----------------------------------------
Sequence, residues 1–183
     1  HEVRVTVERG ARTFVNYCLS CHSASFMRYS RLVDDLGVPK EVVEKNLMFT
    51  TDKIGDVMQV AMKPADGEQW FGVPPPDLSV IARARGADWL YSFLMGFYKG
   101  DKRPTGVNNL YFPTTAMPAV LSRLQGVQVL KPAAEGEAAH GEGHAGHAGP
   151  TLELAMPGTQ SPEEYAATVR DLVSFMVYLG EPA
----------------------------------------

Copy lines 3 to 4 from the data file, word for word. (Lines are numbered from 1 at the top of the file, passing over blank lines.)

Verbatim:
    51  TDKIGDVMQV AMKPADGEQW FGVPPPDLSV IARARGADWL YSFLMGFYKG
   101  DKRPTGVNNL YFPTTAMPAV LSRLQGVQVL KPAAEGEAAH GEGHAGHAGP